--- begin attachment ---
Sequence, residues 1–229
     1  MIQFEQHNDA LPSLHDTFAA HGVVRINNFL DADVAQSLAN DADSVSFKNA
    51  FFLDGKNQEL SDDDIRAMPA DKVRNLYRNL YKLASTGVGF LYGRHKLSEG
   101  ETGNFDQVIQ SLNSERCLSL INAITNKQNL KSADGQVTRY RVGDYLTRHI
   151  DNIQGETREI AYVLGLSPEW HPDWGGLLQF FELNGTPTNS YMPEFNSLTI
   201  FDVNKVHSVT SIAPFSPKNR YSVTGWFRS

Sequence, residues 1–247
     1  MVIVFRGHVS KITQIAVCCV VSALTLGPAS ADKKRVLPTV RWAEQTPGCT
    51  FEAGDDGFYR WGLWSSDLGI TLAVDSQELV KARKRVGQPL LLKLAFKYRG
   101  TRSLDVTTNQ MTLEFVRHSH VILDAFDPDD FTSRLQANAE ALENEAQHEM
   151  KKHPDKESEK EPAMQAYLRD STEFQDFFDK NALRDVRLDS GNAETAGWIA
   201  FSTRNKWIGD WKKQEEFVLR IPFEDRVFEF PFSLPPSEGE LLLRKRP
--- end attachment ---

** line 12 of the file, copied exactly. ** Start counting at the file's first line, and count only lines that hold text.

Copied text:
   201  FSTRNKWIGD WKKQEEFVLR IPFEDRVFEF PFSLPPSEGE LLLRKRP